Nothing says Merry Christmas like a good old fashioned, hilariously funny murder-mystery. Theatreworks New Milford’s holiday offering of Ken Ludwig’s "The Games’s Afoot, or Holmes for the Holidays" is just that.
On a very cold, rainy and dark Saturday night last weekend, comfort and warmth for the weary holiday soul was being served up at Sherman Playhouse by way of a heartwarming production of "It’s a Wonderful Life: A Live Radio Play," adapted by Phil Grecian. The movie is one of my all-time favorites, so I was excited to see the words played out as a live radio broadcast. The vivid imagery of the oft seen movie was evoked by the dialogue, yet the players on stage were charged with such energetic physicality and vocal range that they proved a worthy distraction.
One of the most recognizable symbols of the December holiday period — the Christmas tree — can be seen on car roof tops, if not already in windows of homes complete with decorations and all, with regularity as December 25 fast approaches. Time is running out for families or individuals to get their green, festive, scented reminder of the season. In Newtown, there are several options for residents and nonresidents alike, including family-owned, cut-your-own tree farms.
The Newtown Rotary Annual Pancake Day was underway for less than two hours, Saturday, December 6, and more than 200 guests had already dined on pancakes and sausage, said Rotary member Myra Leuci. With three more hours of the 8 am to 1 pm breakfast still to go, the line out the door seemed to indicate that the event, in its 54th year, would be a great success.
’Twas the night before the 29th annual Holiday Festival’s daylong celebration, which started with a dash of musical cheer. Filling the Edmond Town Hall Alexandria Room with seasonal songs and the plucky sound of banjo and guitar strings was the Goldrush band, playing holiday favorites. The Jingle Jam on Saturday night, December 6, was a new part of a traditional Holiday Festival to benefit Newtown Youth & Family Services (NYFS). Festivities continued with house tours and activities along Main Street and at the Edmond Town Hall on Sunday, December 7.
Children participated in working to create quilt squares for a Comfort Quilt project at Newtown Middle School on Saturday, December 6. The table was part of the Parks & Recreation Breakfast with Santa event, but organizers Suzanne Davenport and Jan Brookes are working on the project outside of the event.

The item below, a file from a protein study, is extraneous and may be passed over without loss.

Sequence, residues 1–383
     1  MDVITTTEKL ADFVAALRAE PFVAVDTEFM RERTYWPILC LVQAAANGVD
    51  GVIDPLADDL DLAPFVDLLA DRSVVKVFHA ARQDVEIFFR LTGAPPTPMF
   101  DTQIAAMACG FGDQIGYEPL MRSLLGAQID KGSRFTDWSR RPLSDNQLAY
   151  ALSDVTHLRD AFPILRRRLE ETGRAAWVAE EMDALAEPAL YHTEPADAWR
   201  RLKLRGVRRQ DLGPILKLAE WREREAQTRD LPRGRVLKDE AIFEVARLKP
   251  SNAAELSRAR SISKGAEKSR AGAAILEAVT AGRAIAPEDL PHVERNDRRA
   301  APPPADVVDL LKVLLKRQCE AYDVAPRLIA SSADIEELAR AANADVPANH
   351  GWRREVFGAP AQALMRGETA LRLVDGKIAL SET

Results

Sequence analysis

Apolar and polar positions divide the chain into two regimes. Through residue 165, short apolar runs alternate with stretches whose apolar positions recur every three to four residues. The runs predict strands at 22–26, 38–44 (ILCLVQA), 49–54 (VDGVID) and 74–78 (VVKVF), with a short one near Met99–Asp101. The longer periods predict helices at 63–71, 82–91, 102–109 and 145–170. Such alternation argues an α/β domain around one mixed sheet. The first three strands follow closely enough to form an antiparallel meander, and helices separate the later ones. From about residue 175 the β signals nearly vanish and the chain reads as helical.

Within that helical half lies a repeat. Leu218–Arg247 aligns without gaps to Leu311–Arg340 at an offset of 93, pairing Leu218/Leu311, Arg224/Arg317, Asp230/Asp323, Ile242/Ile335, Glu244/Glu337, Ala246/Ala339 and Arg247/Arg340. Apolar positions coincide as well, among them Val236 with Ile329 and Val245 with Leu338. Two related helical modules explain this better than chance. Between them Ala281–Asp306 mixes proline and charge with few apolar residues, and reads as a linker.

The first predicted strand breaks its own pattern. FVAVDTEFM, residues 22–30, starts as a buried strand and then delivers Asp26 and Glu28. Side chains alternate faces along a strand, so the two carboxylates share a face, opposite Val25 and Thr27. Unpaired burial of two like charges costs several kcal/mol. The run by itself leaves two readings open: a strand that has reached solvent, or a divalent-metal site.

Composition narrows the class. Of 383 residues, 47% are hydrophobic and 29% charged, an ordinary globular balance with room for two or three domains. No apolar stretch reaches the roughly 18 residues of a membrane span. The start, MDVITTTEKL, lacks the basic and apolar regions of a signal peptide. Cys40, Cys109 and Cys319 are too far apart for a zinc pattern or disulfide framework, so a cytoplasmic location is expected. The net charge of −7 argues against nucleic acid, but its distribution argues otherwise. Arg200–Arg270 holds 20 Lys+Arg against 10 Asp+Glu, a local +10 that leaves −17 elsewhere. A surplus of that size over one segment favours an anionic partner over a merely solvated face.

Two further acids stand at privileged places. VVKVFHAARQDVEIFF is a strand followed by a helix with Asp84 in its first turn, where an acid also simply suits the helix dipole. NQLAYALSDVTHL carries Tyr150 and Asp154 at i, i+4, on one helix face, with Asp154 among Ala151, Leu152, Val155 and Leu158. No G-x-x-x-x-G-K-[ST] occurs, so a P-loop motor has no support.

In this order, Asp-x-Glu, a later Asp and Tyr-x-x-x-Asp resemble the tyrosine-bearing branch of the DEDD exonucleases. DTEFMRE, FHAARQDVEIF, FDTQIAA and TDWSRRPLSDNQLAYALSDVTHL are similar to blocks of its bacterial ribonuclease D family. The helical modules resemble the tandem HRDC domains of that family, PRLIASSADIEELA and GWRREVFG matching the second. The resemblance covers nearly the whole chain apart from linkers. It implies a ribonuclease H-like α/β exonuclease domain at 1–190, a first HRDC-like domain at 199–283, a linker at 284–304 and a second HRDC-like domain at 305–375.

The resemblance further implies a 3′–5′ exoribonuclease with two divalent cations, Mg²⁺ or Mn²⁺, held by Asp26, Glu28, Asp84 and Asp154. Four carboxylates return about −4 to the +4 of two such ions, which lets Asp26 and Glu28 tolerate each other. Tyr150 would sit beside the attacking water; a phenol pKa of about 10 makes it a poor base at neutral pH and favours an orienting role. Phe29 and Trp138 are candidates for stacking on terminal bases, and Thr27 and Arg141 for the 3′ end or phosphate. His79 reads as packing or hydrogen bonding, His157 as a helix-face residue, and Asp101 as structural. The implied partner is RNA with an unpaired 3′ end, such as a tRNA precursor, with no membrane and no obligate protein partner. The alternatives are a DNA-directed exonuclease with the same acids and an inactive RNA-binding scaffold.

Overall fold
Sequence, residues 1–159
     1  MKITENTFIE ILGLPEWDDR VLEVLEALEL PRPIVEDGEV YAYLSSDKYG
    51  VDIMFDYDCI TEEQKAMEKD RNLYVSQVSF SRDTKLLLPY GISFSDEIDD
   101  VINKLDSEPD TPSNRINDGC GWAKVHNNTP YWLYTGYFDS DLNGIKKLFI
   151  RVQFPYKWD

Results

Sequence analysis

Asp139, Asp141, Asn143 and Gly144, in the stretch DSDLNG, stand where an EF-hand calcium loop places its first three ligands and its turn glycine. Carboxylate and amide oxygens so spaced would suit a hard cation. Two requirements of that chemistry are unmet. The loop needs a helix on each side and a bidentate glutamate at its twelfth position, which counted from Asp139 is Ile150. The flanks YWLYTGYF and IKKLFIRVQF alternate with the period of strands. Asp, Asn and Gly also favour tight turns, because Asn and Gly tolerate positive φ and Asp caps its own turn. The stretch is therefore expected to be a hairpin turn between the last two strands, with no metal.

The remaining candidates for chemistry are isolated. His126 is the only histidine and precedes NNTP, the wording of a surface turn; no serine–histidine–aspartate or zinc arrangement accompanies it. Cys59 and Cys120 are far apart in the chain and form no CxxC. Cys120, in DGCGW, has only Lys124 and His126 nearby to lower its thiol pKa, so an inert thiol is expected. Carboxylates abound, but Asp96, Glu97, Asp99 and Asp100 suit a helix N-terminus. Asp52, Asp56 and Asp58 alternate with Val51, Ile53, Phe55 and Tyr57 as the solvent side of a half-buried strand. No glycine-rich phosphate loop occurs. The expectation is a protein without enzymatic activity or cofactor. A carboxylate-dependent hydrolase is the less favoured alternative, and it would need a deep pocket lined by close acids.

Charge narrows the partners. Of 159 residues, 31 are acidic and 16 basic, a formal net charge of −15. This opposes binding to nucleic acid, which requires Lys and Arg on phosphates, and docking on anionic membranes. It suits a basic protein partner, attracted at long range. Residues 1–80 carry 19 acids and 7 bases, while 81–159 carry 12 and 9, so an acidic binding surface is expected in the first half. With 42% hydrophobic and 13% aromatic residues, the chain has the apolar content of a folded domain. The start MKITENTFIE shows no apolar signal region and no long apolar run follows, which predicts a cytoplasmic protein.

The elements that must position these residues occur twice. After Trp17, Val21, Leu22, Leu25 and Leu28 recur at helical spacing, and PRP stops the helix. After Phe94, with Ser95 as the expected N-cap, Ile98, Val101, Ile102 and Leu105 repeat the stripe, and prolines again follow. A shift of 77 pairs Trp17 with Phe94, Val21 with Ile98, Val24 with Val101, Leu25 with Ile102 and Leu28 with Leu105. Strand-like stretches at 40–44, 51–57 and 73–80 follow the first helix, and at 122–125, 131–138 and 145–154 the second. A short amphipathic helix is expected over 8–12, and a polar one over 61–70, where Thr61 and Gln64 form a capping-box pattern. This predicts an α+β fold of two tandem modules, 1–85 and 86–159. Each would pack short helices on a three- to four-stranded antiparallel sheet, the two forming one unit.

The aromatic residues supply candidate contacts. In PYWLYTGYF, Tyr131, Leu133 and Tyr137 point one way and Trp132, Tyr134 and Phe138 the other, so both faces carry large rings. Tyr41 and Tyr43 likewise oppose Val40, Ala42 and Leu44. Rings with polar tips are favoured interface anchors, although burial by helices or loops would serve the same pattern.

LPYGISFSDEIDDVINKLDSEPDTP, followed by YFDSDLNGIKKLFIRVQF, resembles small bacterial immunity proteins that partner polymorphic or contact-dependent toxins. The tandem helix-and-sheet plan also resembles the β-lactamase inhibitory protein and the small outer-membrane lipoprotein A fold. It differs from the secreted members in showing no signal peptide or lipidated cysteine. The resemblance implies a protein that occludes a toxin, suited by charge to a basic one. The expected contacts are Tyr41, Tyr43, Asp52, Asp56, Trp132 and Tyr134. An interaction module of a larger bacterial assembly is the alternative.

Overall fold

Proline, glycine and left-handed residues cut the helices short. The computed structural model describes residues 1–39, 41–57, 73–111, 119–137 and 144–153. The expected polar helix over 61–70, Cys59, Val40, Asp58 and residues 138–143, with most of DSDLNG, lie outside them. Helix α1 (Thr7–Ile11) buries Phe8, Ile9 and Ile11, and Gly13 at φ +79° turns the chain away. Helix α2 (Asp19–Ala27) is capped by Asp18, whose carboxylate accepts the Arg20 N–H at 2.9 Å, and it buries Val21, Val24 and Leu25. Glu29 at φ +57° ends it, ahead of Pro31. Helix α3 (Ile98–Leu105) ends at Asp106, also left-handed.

Ms Brookes said when she read about how one of the many signs of support that was sent to Newtown in the wake of 12/14 disappeared, she responded emotionally. A 35-block comfort quilt created by students at St Hillary Catholic School in Fairlawn, Ohio, and sent to a school in New Jersey to offer support for children affected by 9/11, was then sent to Newtown after the shootings at Sandy Hook Elementary School.
A few months ago town officials realized that the comfort quilt was missing from its vast collection, either taken purposely from its Newtown Municipal Center display or through error. The Comfort Quilt has not yet been returned, despite numerous pleas from town officials and archivists.
Shannon Letts was one of dozens of early birds shopping at The Garden Club of Newtown Annual Greens Sale, Saturday morning, December 6. Seeking primarily wreaths, Ms Letts said she comes to the event every year. “Honestly, I can’t find wreaths decorated as nicely anywhere else," she said. Dozens of wreaths lined the aisles at The Meeting House on Main Street, with even more of the hand decorated greens filling the pews. In recent weeks, Garden Club members had artfully applied ornaments, dried and fresh fruits, spices, candy canes, holly, pinecones, and more, accented with lushly tied bows, to the wreaths, with each wreath a one-of-a-kind creation.
"The Good Lie," a Reese Witherspoon feature that was released in October, will be the next film offered at Edmond Town Hall Theatre. The film will be screened daily, December 12-19. On Saturday and Sunday, December 13-14, all seven shows that are planned will be offered free of charge. Ingersoll Auto of Danbury, which has been offering at least one free movie screening each month at the theater at 45 Main Street since January 2013, has announced all of the coming weekend’s shows will be free to the public.
It is not shiny and it is not new, but Rich Murdy is as proud of the dusty 1926 Ford Model T roadster pickup parked in his Hattertown garage, as if it were a 2015 Tesla. The early 20th Century car is the fourth in Mr Murdy’s current collection of vintage cars. It was bid on and won at the November 15 auction at Cherry Grove Farm, just over a mile from his home. From the moment he spotted the 1926 Model T listed in the advertisement for the Cherry Grove Farm auction, though, he knew he would be in attendance. He was actually surprised to see it listed, Mr Murdy said, as he had not seen it on the farm property in more than 20 years. The little pickup was a huge draw at the auction, said Mr Murdy, with most of the more than 500 registered bidders holders hanging on until the end, when the truck went on the block. He was bidder number 219, even though he arrived at 7:30 am for the 10 am auction. It was active bidding for the pickup, he said, but in the end, he walked away with the winning bid, going barely over the number he had set in his mind.